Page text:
The Best Way To Caramelize Onions, According To Science

Like baking, cooking can be a science and an art. However, cooking can be less exacting and more forgiving than baking. Of course, not everyone agrees, per Slate, which argues that baking can be as much an exercise in creativity and flexibility as cooking. But if you've ever tried to improvise baking a batch of gluten-free cookies based on a recipe that calls for ordinary wheat flour, you might find yourself disagreeing when your cookies crumble halfway between the baking sheet and the plate. And that's what will happen, because gluten-free cookies — as a scientific matter — require an additional binding agent (like egg or xanthan gum) to make up for the absence of gluten. Gluten's role, among other things, is to form a cellular "net" that holds your cookies together, per Modernist Cuisine

By contrast, there's more room to improvise in cooking. For example, there isn't one correct way to caramelize onions. Rather, many variations exist, as J. Kenji López-Alt points out in his analysis, via Serious Eats. And while López-Alt makes some strong scientific arguments about why his process makes the best caramelized onions, we'd argue you could still make the "best" caramelized onions while improvising on his method. 

If you're willing to add sugar, you can save time

In his Food Lab column for Serious Eats, J. Kenji López-Alt suggests several science-based hacks for making the best caramelized onions. What becomes immediately apparent, however, is that when he says "best," what he really means is fastest. In this particular column, López-Alt does acknowledge that caramelizing onions traditionally requires as much as 45 minutes of cooking over very low heat. In fact, as Serious Eats has stated, recipes that call for less time should be used with caution.

Nevertheless, López-Alt points out that there's something to be said for getting the same results in less time. The managing culinary director of Serious Eats spent a week coming up with a science-based method for caramelizing onions that takes a mere 15 to 20 minutes. That method involves adding actual sugar to the onions. Scientifically speaking, when you caramelize onions, you're getting those onions to release their sugars into the sweet and jammy end result (via Master Class). Accordingly, adding sugar should help make up for some of the natural sugar that won't be released from the onions in a mere 20 minutes of cooking. Of course, you'll need the right onions for the task.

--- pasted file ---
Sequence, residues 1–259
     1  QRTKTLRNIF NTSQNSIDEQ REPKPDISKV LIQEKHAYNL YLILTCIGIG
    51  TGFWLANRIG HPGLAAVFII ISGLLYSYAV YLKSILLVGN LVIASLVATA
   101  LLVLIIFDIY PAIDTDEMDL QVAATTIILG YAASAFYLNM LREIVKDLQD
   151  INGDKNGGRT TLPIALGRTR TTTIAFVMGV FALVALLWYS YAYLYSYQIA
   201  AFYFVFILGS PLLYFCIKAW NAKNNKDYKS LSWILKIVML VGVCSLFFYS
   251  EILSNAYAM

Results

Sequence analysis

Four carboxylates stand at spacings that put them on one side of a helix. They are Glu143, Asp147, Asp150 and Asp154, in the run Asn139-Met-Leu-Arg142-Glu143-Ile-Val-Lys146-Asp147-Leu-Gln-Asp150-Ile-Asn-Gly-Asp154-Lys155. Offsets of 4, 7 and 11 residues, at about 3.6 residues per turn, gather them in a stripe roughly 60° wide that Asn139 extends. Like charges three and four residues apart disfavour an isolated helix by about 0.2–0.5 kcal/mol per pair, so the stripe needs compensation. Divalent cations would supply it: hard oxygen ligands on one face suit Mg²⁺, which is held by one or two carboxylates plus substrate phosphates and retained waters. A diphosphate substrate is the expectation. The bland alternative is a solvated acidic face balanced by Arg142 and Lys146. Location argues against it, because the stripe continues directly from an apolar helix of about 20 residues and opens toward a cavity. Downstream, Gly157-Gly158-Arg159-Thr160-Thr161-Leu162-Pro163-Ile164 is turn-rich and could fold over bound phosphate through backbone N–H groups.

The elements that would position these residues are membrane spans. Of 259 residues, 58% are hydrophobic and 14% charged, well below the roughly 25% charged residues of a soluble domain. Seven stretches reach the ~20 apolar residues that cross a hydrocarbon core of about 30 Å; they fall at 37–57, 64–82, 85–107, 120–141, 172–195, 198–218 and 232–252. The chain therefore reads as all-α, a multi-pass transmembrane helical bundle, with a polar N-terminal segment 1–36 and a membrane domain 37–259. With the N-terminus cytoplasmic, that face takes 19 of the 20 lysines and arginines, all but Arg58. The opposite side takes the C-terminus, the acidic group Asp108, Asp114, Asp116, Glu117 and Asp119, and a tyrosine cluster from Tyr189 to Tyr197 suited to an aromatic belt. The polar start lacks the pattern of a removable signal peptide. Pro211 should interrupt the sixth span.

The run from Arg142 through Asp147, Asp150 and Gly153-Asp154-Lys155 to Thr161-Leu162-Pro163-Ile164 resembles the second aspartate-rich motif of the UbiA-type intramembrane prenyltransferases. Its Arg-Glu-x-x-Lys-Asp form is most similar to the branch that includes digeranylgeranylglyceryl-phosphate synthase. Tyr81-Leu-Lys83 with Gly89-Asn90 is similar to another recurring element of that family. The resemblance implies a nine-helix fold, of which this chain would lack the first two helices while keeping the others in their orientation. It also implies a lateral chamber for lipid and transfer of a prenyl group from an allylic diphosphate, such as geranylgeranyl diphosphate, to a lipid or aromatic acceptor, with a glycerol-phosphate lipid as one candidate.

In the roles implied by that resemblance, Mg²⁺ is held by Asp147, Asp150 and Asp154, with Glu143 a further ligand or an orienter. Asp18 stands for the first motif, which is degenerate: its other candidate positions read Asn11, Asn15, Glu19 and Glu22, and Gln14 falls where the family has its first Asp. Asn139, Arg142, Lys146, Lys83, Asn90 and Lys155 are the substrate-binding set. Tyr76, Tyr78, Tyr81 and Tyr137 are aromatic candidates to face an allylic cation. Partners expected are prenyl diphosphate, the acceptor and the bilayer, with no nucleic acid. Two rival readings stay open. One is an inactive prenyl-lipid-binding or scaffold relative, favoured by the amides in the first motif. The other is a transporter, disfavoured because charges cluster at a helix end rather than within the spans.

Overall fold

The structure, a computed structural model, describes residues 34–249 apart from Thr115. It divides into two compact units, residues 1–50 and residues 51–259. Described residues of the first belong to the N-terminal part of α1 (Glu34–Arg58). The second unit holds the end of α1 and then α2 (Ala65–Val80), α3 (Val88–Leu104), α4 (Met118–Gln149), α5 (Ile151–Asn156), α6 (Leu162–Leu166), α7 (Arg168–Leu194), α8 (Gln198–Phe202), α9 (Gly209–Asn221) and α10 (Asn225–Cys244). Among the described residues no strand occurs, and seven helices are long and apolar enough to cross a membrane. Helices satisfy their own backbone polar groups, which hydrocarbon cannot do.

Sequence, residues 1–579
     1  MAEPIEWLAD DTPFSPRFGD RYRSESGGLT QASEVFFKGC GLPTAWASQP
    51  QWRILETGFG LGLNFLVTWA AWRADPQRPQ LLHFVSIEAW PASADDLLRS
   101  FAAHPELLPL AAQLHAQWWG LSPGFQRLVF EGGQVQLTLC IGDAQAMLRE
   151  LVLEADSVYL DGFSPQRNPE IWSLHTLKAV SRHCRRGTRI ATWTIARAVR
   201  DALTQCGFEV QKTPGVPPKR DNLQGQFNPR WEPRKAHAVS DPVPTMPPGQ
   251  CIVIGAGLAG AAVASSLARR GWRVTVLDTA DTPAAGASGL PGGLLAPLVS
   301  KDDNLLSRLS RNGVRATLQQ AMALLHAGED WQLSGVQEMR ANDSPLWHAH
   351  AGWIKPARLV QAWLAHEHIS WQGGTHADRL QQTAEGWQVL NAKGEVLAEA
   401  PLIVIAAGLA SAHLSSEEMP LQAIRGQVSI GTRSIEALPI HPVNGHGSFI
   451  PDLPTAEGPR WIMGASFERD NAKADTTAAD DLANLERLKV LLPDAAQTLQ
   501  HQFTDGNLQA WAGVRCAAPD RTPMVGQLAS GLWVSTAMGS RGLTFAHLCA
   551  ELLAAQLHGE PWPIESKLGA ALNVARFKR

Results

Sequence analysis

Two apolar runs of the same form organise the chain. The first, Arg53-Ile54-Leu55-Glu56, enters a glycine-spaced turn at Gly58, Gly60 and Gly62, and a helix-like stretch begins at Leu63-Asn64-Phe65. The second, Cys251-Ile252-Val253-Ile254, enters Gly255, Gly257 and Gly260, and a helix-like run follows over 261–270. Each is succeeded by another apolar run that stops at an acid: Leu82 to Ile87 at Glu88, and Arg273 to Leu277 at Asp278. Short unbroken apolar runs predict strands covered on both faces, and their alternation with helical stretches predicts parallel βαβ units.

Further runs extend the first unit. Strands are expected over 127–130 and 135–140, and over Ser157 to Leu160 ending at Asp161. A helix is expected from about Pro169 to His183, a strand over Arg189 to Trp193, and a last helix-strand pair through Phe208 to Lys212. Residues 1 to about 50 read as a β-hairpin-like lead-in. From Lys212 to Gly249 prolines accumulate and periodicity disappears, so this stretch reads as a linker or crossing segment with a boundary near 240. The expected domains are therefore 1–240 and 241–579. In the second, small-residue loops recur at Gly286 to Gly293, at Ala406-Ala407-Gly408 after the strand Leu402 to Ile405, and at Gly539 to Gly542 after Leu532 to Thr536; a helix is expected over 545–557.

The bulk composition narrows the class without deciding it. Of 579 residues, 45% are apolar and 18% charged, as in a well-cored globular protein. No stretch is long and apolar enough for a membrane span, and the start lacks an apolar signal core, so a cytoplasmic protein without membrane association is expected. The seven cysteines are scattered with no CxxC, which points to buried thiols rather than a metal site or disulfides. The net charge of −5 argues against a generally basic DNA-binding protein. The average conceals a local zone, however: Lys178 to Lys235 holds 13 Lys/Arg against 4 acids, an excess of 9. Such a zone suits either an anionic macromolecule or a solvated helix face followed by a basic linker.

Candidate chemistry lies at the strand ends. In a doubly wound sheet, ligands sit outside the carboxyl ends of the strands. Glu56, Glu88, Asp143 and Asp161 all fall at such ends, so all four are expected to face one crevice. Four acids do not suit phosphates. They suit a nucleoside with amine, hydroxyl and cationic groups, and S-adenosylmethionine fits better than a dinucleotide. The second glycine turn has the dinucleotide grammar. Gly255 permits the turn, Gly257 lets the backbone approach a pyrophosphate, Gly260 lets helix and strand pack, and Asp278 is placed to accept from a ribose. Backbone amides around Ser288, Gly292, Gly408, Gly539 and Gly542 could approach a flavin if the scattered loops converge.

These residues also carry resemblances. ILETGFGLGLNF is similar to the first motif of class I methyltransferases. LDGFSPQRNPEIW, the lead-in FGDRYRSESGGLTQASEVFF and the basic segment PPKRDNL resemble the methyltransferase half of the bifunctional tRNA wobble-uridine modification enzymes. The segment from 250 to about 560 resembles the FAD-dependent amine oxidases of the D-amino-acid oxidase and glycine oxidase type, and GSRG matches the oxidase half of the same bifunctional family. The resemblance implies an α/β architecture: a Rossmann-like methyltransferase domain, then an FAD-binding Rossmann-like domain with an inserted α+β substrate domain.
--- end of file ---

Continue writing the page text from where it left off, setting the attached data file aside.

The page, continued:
If you're using sugar, start with the right onion

J. Kenji López-Alt's science-based method for making the best caramelized onions in quick time involves using an ordinary yellow onion, as opposed to a sweet onion. The reason is that, as López-Alt explains, yellow onions possess "pungent irritants" that add depth to the sweetness of the onions as they caramelize. Yellow onions also contain higher levels of natural sugars than say red onions, per Master Class. Using a yellow onion will also replace some of the depth that cooking the onions slowly over a much longer period of time would otherwise have produced.

Next comes the addition of actual sugar. López-Alt says he found that a "touch" of sugar is all you need. The added sugar will stand in for some of the caramelization that won't take place because of the quicker cooking time. But don't worry, there are other methods to achieve the caramelization and coloring that would have occurred over 45 minutes.

The caramelization process, only faster

Caramelization begins when most of the liquid has cooked out of the onions, and the sugar breaks down into smaller compounds that are sweeter than actual sugar. But how do these things happen when the cooking time is halved? J. Kenji López-Alt's process uses a secret ingredient: baking soda. Baking soda is a base, per Discover Food Tech, and, as López-Alt says, the addition of a base encourages the Maillard reaction (the tell-tale browning that we associate with caramelization) to take place more quickly. All you need is a pinch, or if you want to get scientific about it, López-Alt recommends no more than a quarter teaspoon per pound of chopped onions.

With the pH of the onions now raised by the baking soda, López-Alt also raises the heat. Yes, it's the opposite of low and slow, but he says it works — as long as you add water to the skillet when it starts getting too hot. Adding water cools the onions slightly, but since caramelization can begin at as low as 230 F, according to López-Alt, the onions will continue to caramelize faster because the heat source is more intense.

If fast isn't best in your book, but you're still too impatient to spend 45 minutes stirring onions on the stove, here's an alternative method to caramelize onions.